Salty Ruins on Long Island

Salt flat with gate just visible in background

Salt flat with gate just visible in background

Once the site of extensive salt works operation run by Diamond Crystal, the abandoned ruins stretch for miles. Large flats created to harvest sea salt- the original flavor no doubt- sit in various phases of flooded. After the salt operation closed down, a shrimp farm attempted to make a go; but alas no luck. When Diamond closed the site down, thousands became jobless; not good for family income in the already limited job market.

A bit of Long Island history: originally called Yuma by the original settlers, the Lucayan Indians, Long Island was rechristened Fernandina by Christopher Columbus when he arrived in 1492. After the Indians (40-50 thousand lived on the island when Columbus arrived) were carried away as slaves to Hispaniola and Cuba, no permanent settlement existed until the Loyalists arrived from the Carolinas and Virginia in the mid-1700s. A good read on this is the historical fiction novel, Wind from the Carolinas by Robert Wilder.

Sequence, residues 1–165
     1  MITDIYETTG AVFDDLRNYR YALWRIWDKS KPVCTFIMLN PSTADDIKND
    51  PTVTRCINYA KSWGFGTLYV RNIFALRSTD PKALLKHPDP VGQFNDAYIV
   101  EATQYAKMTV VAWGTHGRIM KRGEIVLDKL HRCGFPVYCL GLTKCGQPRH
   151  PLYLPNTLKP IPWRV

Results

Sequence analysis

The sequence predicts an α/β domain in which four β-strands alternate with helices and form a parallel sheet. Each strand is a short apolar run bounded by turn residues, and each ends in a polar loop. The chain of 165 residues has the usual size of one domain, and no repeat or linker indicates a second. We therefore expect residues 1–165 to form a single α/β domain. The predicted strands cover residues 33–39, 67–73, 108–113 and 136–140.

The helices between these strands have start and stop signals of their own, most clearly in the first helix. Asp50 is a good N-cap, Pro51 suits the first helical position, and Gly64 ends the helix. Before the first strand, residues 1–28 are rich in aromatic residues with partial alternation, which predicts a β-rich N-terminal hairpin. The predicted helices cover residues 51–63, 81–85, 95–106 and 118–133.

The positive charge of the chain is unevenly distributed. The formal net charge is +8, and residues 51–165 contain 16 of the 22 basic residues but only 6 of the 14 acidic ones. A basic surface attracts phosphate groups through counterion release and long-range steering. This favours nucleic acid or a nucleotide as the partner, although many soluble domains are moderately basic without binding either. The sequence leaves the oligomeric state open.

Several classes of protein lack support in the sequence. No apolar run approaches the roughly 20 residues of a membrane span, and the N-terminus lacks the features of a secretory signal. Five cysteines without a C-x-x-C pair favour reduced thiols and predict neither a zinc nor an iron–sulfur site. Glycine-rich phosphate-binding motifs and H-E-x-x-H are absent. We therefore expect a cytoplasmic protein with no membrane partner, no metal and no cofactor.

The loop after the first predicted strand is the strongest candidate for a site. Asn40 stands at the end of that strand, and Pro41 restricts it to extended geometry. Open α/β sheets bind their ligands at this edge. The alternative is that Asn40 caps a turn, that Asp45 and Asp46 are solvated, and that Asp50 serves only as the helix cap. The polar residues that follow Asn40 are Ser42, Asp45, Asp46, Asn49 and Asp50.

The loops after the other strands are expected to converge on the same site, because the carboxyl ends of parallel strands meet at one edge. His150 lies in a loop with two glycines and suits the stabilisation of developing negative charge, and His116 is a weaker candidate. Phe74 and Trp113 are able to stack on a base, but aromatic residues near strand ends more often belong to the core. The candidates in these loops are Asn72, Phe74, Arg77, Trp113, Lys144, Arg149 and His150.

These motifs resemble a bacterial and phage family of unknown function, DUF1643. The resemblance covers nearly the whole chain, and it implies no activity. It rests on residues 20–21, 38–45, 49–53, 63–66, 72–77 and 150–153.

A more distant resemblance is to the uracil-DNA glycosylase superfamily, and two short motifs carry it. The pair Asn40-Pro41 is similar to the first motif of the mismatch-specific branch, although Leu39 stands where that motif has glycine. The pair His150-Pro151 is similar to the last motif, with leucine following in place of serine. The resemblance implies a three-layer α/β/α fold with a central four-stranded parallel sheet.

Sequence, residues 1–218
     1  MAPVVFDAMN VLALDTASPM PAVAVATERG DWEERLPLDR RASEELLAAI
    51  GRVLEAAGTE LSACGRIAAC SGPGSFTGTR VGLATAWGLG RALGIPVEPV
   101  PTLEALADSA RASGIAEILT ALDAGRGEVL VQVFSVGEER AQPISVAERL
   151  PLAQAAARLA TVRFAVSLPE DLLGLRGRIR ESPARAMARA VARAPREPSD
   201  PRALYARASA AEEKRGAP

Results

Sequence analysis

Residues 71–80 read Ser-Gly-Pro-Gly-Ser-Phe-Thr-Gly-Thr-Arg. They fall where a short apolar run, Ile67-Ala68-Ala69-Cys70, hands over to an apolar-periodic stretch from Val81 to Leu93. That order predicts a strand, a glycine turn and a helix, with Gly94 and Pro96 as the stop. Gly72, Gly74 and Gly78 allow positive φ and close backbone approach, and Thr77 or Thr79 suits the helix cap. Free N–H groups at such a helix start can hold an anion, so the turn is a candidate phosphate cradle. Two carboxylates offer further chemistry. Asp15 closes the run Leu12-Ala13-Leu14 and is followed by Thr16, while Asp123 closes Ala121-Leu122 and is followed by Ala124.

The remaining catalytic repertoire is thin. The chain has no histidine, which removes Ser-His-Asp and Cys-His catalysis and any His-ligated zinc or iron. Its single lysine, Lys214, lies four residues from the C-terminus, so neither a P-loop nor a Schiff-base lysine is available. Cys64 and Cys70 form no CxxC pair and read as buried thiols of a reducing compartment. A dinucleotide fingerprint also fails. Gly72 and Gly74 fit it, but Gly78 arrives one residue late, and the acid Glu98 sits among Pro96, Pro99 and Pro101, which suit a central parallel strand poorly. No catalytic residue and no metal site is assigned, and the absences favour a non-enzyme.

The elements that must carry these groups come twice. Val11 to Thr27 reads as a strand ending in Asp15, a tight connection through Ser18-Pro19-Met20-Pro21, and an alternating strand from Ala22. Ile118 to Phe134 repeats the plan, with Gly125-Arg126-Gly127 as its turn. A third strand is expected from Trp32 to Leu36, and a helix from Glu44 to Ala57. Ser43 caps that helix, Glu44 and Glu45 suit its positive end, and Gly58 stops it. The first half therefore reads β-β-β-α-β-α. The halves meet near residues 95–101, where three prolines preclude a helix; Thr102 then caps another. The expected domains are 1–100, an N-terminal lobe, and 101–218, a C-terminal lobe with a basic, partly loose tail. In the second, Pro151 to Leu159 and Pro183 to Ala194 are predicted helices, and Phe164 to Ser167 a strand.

The Spanish would use Long Island as a jump-off to cross the Atlantic along the Tropic of Cancer. The ruins of the churches they built can be found throughout the island.

In addition to tourism, straw work, farming and fishing sustain the local people. The population has plunged dramatically to less than 3,000, from 7,000 in the 1970s.

Tug still tied to its dock- the water now replaced by sand

Tug still tied to its dock- the water now replaced by sand

One of many buildings, this appeared to be main living quarters

One of many buildings, this appeared to be main living quarters

This only bit of color amid the living quarters ruins felt very odd

This only bit of color amid the living quarters ruins felt very odd

Maybe an old Chevy truck? Seen better days for sure

Maybe an old Chevy truck? Seen better days for sure

 

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